The article asks, “Are there six traits that could really mark out your potential to achieve?” I won’t detail them here; best to read the full article, which I found well-worth the time.
Key take-away: For a good many years the Myers-Briggs Type Indicator (MBTI) has been more or less the norm. Now there’s a new contender, the High Potential Trait Inventory (HPTI), based around six key traits.
Here’s the article: http://www.bbc.com/capital/story/20180508-the-secrets-of-the-high-potential-personality
Here’s the link to the BBC story: Secrets of the high-potential personality
If you're thinking of going into sales, if you're already in sales, if you don't know what you want to be when you grow up (no matter your present age!) there's a top-rank article you need to read in the magazine FAST COMPANY.
It's "Why smart people should go into sales," by Andrew Yong, and among his accomplishments include authorship of the book, SMART PEOPLE SHOULD BUILD THINGS.
I'll leave the article to you, but add that "selling" is not just selling products or services, but it's also persuading, reading body language and other buying signals, pulling out objections and hesitations, presenting concepts, learning to find and fill needs (needs that often the other person isn't really aware of, so part of "selling" is showing the need and how you can best fill it). All of these abilities pay off many times over if you move from sales per-se to management, customer service — even to setting up your own business and marketing your skills, perhaps as part of career reinvention, or electing for self-employment as your new career option.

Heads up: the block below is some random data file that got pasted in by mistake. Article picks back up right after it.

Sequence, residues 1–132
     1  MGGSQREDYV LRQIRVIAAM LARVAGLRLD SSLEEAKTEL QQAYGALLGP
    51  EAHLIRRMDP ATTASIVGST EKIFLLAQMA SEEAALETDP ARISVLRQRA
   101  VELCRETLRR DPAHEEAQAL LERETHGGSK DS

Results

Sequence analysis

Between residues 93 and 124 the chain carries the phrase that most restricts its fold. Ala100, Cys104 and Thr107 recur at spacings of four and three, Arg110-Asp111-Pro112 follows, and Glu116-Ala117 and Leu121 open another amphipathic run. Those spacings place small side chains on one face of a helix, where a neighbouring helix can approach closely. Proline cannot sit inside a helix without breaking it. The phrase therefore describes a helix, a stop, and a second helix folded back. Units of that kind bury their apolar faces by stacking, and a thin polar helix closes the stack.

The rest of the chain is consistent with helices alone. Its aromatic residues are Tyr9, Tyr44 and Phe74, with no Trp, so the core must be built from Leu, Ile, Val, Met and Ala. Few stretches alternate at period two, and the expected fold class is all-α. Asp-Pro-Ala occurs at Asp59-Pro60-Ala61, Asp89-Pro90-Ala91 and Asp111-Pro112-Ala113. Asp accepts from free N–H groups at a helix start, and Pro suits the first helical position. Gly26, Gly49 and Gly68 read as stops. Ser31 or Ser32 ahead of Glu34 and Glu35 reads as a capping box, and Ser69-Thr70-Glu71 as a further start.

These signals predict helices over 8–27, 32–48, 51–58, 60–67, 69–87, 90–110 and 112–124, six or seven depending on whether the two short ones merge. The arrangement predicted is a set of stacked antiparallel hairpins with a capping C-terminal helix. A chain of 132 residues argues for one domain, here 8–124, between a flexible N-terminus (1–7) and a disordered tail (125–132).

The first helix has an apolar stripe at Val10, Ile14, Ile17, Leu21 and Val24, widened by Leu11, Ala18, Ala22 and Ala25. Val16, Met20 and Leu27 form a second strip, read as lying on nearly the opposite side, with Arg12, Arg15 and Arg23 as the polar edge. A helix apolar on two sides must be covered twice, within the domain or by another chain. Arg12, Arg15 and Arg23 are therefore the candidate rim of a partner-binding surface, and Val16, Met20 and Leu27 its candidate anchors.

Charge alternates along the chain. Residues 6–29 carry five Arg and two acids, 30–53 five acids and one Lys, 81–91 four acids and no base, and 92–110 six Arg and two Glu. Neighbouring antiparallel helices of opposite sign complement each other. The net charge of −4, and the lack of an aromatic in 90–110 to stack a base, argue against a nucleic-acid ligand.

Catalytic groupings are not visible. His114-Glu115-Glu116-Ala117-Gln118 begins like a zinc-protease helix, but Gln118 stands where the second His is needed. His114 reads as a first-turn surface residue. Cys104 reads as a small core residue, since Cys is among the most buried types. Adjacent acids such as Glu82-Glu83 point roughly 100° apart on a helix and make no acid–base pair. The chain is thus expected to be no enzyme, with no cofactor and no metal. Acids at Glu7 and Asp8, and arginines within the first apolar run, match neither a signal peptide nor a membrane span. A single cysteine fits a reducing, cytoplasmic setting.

Link to article in Fast Company
As factors in your career success, it's not just how competent you are, and it's not just about the words you say: no less important are the non-verbal messages you send . . . and read in others. I cover some of this in my books, but let me recommend "How 'Power Poses' Can Help Your Career"– an excellent article with accompanying video from the Wall Street Journal.
The article is not–as you might suspect–about being a phony poseur, but rather about how to pay attention to the body-language and other non-verbal messages you are sending . . . and receiving.
Continue reading “How ‘Power Poses’ Can Help Your Career”–career tips from the Wall Street Journal